Family Movie Night
By Karyn Bowman
This past week saw the release of The Great and Powerful Oz starring James Franco to the home theater market.
It is a prequel to The Wizard of Oz that many of us know – and perhaps love – so well. It is a movie that is referenced in so many ways that it may be hard to quantify.
The latest might be a crack about flying monkeys in last year’s The Avengers that was notable because it was the only pop culture reference that Captain America understood.
Anytime some one mentions no longer being in Kansas is a direct link.
Not to mention “And your little dog, too.”
Why do we need a prequel is not a certainty in my mind. But once it was created, I could not imagine not having it. This movie directed by Sam Raimi is eye-poppingly beautiful. The colors grab your attention.
But so does the acting and characterizations of key players in the movie that, sequentially, comes later. We see how various characters are related and why it matters. When we saw the movie at the theater, it was as if time had barely passed and then suddenly the movie was over.
It makes me wonder why we, the collective public, love this story so much.
In a strange way, I am reminded of Harry Potter. Both characters are orphaned, both live with an aunt and uncle, and both seem to think they do not belong to these families. While one will discover this last fact is true, both children go on a journey through incredible and fantastic land in order to save it from a greater evil.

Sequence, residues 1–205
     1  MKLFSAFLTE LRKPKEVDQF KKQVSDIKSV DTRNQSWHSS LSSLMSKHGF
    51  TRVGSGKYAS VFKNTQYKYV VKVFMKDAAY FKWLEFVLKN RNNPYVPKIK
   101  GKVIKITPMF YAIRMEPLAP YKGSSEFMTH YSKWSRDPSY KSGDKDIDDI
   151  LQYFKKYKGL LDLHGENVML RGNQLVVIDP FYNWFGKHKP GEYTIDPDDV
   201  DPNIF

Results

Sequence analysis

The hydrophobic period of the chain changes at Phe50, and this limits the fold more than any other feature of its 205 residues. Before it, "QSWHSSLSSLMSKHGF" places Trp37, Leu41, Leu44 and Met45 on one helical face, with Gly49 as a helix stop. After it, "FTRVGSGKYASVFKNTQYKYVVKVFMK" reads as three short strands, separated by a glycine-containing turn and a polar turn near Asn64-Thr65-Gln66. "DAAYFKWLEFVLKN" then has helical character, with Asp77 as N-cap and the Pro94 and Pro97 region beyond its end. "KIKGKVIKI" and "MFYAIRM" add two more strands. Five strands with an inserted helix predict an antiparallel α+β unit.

Or as my husband puts it, the preteen angsty feeling that these people who claim to be your family is not really your family. Suddenly, the feeling that you did not belong has been confirmed and what a relief that must be since now you have found a place with magic to make you even a better person.
While I give credence to the first part of his theory , I do not think it is all about magic being the saving force with either character. Dorothy and Harry find a special tool (water and the expelliarmus spell, respectively) to defeat their nemesis but to get to that point they must have strength of character.
Both characters go through many trials and tribulations which hi-lights the best aspects of their beings – kindness, gentleness, concern for others, humility. While you could make the argument that Dorothy and Harry represent the fruits of the spirit, it needs to be noted that both are human and fall to the weakness of the flesh as well. We love them because of their good qualities, we relate to both because of their frailties.
As soon as I can, I plan to rent this movie for a family night that will find us wrapped back into the magical land of Oz. Come September, I will be on the look-out for the 75th Anniversary edition of the movie that became a classic when it was released in 1939.
Until next week, see you in the rental aisle.